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Earth Day Encourages Energy Diet

by Margot Higgins
Environmental News Network, April 16, 2001

Let Earth Day be a reminder to save energy every day. Riding a bike is one way. In the United States, the official theme of Earth Day 200l on April 22 comes as no surprise. Energy conservation is high on the priority list of environmental groups, and clean energy has been selected as the chief campaign agenda item of the Earth Day Network , a nonprofit group that is coordinating Earth Day activities around the world.

Many environmentalists say energy consumption is second only to population growth on their list of environmental concerns.

"Most of the world's environmental problems are tied to energy," explains Evelyn Guerra, a spokesperson for the Earth Day Network. "Pollution, global warming nuclear waste, endangered species and human health are al linked to energy."

With a looming energy crisis in the United States, pulling the plug on energy use may be the most obvious way to demonstrate concern for the environment. But for some Earth Day organizers, the idea is nothing new.

For the past 10 years grass-roots activist Jeff Softley has organized the Earth Day Energy Fast to encourage Americans to eliminate or curb their energy use.

"The media today relegates coverage of Earth Day to the lifestyle sections of its coverage," Softley said, "and Earth Day's focus over time seems to have shifted to an entertainment-oriented profile. If you ask the average person what's going on for Earth Day, they are likely to answer, 'Who's playing?'"

The Energy Fast is easily incorporated into other Earth Day plans, Softley suggests. Musicians can play acoustic instruments or use solar-powered amplifiers. Food vendors can rely on solar cookers. Bicycle use can be promoted. Educational demonstrations can focus on energy-audits, high-efficiency heating, cooling and lighting, solar and renewable resources, and mass transit.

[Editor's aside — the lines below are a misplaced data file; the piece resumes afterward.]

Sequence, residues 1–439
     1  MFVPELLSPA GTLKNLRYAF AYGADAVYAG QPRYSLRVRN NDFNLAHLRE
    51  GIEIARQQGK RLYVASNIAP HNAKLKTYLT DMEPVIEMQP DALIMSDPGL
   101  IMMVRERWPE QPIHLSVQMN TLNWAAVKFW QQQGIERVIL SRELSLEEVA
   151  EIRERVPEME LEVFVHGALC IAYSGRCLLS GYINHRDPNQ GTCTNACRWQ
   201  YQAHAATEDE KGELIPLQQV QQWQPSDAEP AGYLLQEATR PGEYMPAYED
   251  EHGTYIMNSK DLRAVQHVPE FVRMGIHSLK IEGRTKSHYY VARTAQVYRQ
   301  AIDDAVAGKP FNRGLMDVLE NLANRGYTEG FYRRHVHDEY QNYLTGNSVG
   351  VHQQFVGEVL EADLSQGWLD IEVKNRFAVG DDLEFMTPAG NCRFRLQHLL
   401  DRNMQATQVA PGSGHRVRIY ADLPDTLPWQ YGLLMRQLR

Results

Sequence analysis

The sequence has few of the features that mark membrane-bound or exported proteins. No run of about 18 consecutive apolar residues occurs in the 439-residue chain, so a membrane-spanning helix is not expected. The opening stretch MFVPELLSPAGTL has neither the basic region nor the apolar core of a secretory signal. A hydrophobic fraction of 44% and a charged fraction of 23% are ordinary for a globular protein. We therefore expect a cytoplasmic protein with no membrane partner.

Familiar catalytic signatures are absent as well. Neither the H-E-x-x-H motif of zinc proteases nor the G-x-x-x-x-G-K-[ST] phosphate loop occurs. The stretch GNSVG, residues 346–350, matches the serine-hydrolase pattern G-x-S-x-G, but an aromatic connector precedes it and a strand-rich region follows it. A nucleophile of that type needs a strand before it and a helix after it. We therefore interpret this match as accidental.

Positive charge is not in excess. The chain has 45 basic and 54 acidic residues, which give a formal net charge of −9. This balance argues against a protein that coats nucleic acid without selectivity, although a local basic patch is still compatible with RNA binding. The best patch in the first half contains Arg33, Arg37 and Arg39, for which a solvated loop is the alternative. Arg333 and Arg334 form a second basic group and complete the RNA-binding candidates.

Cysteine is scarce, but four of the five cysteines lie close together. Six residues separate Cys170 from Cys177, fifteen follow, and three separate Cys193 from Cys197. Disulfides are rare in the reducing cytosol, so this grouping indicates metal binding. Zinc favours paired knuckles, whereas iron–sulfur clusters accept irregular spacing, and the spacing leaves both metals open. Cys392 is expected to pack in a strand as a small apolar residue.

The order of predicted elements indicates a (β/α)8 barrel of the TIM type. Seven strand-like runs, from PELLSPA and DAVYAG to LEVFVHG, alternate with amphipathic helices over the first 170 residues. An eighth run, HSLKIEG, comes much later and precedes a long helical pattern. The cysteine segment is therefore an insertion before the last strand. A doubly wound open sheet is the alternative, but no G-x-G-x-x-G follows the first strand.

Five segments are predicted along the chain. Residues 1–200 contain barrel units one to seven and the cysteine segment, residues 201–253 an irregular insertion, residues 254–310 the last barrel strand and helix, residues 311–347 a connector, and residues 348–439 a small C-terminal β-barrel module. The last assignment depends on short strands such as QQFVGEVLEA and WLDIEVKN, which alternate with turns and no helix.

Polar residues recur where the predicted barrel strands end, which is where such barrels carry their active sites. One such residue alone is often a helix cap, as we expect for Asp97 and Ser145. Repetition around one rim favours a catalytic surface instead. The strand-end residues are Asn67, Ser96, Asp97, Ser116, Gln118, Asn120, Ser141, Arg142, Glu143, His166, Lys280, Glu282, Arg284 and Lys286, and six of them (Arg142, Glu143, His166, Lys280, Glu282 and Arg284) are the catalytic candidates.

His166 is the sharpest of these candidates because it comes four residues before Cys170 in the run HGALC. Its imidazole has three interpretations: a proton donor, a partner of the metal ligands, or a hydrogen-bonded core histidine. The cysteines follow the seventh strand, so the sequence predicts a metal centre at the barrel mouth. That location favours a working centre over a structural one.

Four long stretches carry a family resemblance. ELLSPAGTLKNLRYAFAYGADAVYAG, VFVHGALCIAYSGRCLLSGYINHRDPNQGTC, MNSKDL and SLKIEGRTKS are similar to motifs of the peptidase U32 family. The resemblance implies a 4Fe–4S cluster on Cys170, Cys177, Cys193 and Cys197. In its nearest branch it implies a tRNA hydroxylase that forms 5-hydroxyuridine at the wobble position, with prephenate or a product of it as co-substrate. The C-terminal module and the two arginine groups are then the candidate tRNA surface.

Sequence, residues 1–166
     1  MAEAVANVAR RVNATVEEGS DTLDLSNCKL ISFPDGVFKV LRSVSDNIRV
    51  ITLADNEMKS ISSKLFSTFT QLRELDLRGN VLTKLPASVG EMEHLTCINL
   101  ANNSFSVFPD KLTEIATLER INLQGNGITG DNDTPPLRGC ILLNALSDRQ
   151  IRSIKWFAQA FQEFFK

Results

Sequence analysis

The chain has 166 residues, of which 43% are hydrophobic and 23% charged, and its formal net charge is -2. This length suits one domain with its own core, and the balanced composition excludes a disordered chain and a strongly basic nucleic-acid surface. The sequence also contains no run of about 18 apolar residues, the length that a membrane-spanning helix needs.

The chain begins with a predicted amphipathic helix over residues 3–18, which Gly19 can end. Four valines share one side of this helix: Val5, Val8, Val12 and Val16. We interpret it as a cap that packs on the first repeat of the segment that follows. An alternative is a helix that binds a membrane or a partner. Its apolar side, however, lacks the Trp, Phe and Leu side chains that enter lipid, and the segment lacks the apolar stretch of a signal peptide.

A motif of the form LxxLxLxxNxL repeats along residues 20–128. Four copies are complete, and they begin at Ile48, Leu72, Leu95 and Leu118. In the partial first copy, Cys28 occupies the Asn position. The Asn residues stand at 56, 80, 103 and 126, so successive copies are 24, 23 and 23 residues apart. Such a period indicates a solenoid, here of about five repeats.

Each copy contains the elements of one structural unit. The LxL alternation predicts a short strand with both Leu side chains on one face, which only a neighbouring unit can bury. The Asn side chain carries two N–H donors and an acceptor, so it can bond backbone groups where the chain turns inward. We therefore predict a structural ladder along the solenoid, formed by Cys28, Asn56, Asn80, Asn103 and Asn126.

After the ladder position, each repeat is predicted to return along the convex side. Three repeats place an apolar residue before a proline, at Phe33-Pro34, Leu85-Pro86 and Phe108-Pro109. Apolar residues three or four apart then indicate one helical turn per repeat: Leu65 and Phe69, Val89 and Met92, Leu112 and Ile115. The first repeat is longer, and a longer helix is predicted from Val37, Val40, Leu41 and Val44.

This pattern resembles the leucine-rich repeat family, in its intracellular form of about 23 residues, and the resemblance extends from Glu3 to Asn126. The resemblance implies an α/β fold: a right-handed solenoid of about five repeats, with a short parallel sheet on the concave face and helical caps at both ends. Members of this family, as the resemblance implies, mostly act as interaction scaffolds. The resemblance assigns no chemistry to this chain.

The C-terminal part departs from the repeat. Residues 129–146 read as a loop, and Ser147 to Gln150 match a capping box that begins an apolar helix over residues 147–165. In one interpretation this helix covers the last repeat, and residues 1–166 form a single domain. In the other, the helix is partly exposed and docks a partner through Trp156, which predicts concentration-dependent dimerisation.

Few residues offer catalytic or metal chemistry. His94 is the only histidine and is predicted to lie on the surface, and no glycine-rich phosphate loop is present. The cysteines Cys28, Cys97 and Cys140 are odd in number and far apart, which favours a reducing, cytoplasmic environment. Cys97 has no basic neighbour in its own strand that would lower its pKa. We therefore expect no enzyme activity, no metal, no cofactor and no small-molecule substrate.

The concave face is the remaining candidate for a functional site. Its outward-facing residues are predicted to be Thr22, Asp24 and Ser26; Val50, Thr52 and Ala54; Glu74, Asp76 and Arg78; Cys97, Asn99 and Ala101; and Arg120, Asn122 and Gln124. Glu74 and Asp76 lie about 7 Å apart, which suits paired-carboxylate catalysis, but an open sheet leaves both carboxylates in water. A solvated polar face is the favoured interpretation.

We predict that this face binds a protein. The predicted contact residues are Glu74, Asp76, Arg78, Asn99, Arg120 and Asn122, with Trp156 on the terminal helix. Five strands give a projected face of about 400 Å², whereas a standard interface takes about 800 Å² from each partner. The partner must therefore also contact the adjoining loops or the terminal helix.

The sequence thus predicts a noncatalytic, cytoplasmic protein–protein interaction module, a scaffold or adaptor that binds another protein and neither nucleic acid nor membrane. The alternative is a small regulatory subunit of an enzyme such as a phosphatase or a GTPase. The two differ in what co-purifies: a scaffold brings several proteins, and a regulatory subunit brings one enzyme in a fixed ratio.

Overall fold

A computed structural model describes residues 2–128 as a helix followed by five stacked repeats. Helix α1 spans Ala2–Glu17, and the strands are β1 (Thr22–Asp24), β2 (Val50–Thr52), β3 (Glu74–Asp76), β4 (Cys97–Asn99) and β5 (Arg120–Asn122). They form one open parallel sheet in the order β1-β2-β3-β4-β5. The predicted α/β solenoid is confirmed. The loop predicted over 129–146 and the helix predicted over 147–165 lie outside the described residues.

Pulling the plug on energy use may be the most obvious way to demonstrate concern for the environment. At home you can put your lifestyle on an energy diet by carpooling to work, using natural light and heat, preparing food without appliances and trading television time for a walk outdoors. The Earth Day Energy Fast web site and , recently launched by the Center for Neighborhood Technology, offer many additional energy saving tips and links.

Despite a growing need for renewable sources such as wind, solar power and geothermal energy, fossil fuels continue to power cars, homes and industries because they are cheap, plentiful and readily available, conservation groups say.

Softley notes that human energy use is responsible for 80 percent of all air pollution and 88 percent of all greenhouse gas emissions. The United States wastes more energy than most nations use for all of their energy needs, he notes. While the United States constitutes only 5 percent of Earth's population, Americans consume more than 25 percent of the world's energy and create between 25 and 30 percent of the greenhouse gases that contribute to global warming.

These trends are expected to get worse under the Bush administration.

President Bush's fiscal year 2002 budget request for the Department of Energy includes a $277 million cut in funding for essential (and successful) renewable energy programs, conservation groups note.

Softley hopes the Energy Fast will send a message to policymakers that Americans want energy to come from renewable and non-polluting sources.

"Many people consider energy to be invisible, with no thought as to how the energy they use got there," he says. "The Energy Fast aims to get people to realize the power they have."

Margot Higgins
Earth Day Encourages Energy Diet
Environmental News Network, April 16, 2001

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